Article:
The effect of curcumin on corneal neovascularization in rabbit eyes.
Curr Eye Res. 2010 Apr;35(4):274-80. PMID: 20373893
Department of Ophthalmology and Visual Science, St. Mary's Hospital, College of Medicine, The Catholic University of Korea, Seoul, Korea.
PURPOSE: To investigate the anti-angiogenic effect of topical curcumin on corneal neovascularization in a rabbit model.
MATERIALS AND METHODS: One week after suturing, six eyes were treated with balanced salt solution (BSS) (group A), and six eyes were treated with curcumin 40, 80, or 160 micromol/L (groups B, C, and D, respectively), topically two times a day. After one week, light microscopy was used to analyze corneal neovascularization. The concentration of vascular endothelial growth factor (VEGF) mRNA in the corneal tissue was measured by reverse transcriptase-polymerase chain reaction (RT-PCR), and the activation of NF-kappaB was examined by immunofluorescent staining.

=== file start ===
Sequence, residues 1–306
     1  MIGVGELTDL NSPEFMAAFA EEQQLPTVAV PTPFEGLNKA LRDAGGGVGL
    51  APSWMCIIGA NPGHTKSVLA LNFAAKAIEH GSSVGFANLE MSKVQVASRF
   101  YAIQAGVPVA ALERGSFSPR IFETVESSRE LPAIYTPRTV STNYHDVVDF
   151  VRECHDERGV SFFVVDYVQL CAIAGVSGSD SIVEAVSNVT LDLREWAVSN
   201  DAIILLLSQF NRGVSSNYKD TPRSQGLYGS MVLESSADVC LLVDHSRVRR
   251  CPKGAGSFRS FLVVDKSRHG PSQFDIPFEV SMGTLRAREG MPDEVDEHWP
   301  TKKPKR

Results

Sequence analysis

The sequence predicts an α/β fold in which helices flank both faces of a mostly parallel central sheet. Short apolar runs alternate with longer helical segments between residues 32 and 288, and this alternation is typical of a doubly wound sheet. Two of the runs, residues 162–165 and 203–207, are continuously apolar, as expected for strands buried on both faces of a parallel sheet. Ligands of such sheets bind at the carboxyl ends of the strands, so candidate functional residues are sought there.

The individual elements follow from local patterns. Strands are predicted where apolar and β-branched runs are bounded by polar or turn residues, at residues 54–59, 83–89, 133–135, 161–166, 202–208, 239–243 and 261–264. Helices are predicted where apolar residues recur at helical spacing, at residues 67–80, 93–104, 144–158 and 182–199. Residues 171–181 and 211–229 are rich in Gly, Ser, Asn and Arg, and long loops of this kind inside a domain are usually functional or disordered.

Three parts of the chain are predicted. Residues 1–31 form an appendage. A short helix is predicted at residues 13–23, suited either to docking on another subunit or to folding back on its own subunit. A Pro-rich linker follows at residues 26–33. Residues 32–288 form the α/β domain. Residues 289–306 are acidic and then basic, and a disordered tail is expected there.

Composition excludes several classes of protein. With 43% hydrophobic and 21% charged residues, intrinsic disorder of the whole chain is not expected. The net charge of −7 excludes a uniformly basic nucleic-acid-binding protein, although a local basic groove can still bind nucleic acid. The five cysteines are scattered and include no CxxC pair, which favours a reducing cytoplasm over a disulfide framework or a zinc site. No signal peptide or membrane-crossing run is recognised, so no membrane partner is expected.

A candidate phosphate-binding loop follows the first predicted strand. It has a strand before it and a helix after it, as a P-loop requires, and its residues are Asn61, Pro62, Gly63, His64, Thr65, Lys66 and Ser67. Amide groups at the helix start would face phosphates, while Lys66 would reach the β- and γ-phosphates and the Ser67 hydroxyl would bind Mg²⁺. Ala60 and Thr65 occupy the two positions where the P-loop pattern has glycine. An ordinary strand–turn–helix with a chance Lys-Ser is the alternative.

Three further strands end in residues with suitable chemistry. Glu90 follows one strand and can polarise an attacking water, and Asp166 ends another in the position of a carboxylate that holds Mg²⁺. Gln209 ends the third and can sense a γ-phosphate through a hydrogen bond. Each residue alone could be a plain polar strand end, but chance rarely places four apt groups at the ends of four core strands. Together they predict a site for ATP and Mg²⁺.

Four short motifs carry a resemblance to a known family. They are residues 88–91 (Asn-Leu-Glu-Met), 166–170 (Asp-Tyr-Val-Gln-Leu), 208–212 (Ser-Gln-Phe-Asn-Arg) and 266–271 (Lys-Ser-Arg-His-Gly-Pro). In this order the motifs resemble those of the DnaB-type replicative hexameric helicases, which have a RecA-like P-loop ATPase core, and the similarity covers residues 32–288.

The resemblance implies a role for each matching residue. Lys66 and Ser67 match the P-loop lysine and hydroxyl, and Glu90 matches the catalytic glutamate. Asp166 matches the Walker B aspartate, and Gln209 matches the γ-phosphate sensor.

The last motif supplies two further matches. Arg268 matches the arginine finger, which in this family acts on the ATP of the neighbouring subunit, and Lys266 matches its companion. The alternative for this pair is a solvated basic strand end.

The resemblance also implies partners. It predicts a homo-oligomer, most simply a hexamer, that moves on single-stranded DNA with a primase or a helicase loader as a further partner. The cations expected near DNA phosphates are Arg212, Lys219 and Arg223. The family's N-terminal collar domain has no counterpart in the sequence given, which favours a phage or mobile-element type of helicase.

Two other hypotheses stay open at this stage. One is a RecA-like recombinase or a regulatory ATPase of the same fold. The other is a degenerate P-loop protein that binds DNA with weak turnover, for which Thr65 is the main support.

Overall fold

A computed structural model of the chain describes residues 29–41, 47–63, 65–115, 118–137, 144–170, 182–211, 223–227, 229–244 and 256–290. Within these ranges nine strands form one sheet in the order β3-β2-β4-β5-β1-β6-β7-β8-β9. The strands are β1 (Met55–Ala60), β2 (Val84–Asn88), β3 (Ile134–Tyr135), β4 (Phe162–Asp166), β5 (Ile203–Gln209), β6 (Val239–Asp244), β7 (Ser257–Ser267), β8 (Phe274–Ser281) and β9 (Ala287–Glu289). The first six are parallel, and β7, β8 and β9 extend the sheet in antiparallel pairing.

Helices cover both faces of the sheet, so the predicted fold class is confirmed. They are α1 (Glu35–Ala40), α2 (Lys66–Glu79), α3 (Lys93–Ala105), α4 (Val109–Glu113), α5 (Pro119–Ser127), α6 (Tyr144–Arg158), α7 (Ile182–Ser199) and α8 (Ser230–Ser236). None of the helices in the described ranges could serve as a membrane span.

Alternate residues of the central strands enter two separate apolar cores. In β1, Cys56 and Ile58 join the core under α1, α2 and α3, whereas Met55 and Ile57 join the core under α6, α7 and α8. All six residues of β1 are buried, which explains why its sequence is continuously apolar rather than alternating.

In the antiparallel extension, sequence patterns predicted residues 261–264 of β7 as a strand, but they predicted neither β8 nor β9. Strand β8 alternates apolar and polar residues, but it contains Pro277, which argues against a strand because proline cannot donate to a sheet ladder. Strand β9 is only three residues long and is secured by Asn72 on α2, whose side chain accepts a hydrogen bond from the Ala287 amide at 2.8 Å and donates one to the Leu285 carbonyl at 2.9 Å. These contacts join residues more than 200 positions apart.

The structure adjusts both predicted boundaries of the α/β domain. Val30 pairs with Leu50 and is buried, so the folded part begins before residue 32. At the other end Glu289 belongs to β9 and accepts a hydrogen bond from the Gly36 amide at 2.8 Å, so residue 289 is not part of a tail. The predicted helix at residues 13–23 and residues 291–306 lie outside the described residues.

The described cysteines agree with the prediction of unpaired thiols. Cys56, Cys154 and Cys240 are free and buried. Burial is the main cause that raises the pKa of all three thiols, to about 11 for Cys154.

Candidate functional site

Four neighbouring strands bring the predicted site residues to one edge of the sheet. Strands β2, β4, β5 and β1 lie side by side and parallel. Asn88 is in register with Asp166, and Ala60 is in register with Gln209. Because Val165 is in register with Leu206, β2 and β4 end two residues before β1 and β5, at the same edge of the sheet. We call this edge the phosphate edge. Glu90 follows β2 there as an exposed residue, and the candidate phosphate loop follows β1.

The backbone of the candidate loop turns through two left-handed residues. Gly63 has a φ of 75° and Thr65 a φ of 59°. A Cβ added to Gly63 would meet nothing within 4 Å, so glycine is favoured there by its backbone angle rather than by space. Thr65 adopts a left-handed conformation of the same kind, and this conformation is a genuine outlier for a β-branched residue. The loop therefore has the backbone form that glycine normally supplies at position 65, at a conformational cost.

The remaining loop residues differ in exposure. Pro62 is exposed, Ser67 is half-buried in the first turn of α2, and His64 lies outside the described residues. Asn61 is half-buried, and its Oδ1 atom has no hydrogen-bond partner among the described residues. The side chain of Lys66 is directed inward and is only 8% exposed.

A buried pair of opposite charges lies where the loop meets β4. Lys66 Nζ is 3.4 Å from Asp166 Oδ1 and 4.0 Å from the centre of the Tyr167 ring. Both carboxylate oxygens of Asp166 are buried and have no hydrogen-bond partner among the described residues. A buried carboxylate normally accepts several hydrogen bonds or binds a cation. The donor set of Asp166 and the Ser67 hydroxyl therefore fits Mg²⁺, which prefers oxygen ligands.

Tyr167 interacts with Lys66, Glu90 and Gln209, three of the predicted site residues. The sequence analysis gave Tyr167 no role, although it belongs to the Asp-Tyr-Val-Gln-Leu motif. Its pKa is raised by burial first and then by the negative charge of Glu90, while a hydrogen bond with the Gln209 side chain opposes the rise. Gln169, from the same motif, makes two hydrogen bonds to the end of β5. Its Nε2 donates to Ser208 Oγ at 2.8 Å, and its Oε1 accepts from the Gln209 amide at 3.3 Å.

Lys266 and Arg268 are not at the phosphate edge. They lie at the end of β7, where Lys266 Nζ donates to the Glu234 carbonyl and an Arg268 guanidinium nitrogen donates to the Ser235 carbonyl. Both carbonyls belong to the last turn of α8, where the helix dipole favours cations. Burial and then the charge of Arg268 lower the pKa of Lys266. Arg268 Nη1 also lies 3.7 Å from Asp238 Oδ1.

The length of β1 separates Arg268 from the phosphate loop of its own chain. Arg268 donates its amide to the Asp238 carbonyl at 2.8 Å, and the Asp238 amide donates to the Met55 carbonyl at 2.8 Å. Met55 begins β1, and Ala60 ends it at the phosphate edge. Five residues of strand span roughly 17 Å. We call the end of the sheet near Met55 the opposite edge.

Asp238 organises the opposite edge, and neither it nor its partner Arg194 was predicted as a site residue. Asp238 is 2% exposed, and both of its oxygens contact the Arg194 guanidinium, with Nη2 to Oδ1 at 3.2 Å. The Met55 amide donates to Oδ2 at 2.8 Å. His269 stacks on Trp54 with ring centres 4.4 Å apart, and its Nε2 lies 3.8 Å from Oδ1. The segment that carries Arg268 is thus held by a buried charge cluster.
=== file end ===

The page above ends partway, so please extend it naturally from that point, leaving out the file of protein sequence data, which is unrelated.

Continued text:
RESULTS: Seven days after treatment, the sizes of the neovascularized areas were significantly reduced in groups B (50.1% +/- 6.7%), C (43.2% +/- 8.1%), and D (29.5% +/- 7.8%) compared with group A (69.5% +/- 1.5%) (p<0.05). The corneal VEGF mRNA levels were significantly lower in groups C and D than they were in group A (p<0.05). Immunofluorescent staining showed that phospho-NF-kappaB staining of the corneal tissue was weaker in group C than it was in groups A and B.
CONCLUSIONS: Topical application of curcumin was useful in reducing experimental corneal neovascularization and can be used to inhibit angiogenesis in the cornea.